• The stop-start feature is demo'd around 2min and 40 seconds in. 

So lets start digging public information which may help us find out at least the pinout of this monster.
Thanks to the Jeep JL forums [link]  there's some interesting wiring diagrams. Unfortunately, this vehicle is a modern monster of sensors. 

So i did the thing, I bought the actual service manual. 200$ for a manual for a vehicle I do not own. Neat. Even more curious, this is a physical flash drive, so lets see what actually shows up. The delivery window is ~two weeks, so either it is a hefty flash drive or its coming to Boston via a boat. 

Hardware Tear-down
Lets start out with the first surplus motor, this is basically exactly as it came from ebay, with two caps added to the coolant line. Note the pulley tensioner is in its 'relaxed' state and otherwise has a coiled spring for applying tension.
the back
The small plate cover comes off with a few torx screws, there is a perimiter seal of some kind of rubberized adhesive.
Zooming in

Zoomed in we can get a better idea of what is going on, The motor phase connections pop out of the motor case and mate to the motor controls power board with a weldment. This may be an ultrasonic weld, its too clean to be a resistance weldment. Initially I thought the center would be all the controls logic, but then again I've never seen a 'small' automotive motor controller. The blob is clearly labeled with a vishay part number and it appears to be just the DC bus capacitor. Following the 48v connector feed into the power distribution board we hit this, non-descript blob. It has bus-bars going thru it, it could be a fuse but that would be hyper-annoying. I'm going to guess it is a latching relay. It is heavily potted in place.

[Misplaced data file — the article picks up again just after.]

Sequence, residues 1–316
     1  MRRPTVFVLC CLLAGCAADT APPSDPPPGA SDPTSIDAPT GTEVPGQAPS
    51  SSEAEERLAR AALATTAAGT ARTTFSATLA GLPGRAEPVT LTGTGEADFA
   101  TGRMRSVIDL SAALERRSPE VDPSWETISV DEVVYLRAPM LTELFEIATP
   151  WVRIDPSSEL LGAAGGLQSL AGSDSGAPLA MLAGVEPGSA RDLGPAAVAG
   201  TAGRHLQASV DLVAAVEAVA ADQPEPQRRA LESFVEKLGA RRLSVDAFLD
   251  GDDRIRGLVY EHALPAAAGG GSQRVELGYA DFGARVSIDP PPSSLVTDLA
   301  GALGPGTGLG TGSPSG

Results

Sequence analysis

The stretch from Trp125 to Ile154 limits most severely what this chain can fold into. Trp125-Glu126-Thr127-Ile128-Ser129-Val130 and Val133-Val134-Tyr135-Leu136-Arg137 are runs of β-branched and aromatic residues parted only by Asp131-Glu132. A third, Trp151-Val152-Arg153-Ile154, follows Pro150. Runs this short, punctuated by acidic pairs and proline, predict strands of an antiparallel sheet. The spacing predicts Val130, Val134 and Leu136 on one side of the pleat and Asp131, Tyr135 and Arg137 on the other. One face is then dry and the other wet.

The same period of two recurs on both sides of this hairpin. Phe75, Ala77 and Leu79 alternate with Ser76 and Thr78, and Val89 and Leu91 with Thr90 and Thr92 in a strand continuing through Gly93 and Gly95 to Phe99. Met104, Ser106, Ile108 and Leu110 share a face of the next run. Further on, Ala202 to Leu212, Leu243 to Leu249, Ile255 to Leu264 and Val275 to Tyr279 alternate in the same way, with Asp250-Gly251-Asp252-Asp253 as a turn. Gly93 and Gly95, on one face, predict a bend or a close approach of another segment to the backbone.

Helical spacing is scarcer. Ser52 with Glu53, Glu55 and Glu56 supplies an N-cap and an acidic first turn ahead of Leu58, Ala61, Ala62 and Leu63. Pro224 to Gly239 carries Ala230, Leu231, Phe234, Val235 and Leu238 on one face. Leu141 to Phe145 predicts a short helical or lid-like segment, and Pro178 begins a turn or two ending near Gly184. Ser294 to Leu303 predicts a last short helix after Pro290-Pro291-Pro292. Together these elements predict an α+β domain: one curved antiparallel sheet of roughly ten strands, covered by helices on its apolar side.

So here is a zoomed in phase drive

This is a really interesting design, the mosfets are directly bonded to the heat-spreader PCB, the motor phase connections are ultrasonically bonded to the PCB busbars and the PCB busbars are ultrasonically bonded to the PCB. For clarity I've labeled the capacitor bus bars that are also ultrasonically bonded to the board. This is wild. Gate drive is wire-bonded to the PCB and silicone gooped to prevent vibration from wiggling them out. There are four separate wire-bonded half-bridges arranged in parallel. The die-size looks like ~ TO-247 sized, its slightly larger than what normally is in a TO-220. The capacitor in the center is incredibly custom. Outlined in blue and green are the gate drives for each of the half bridges.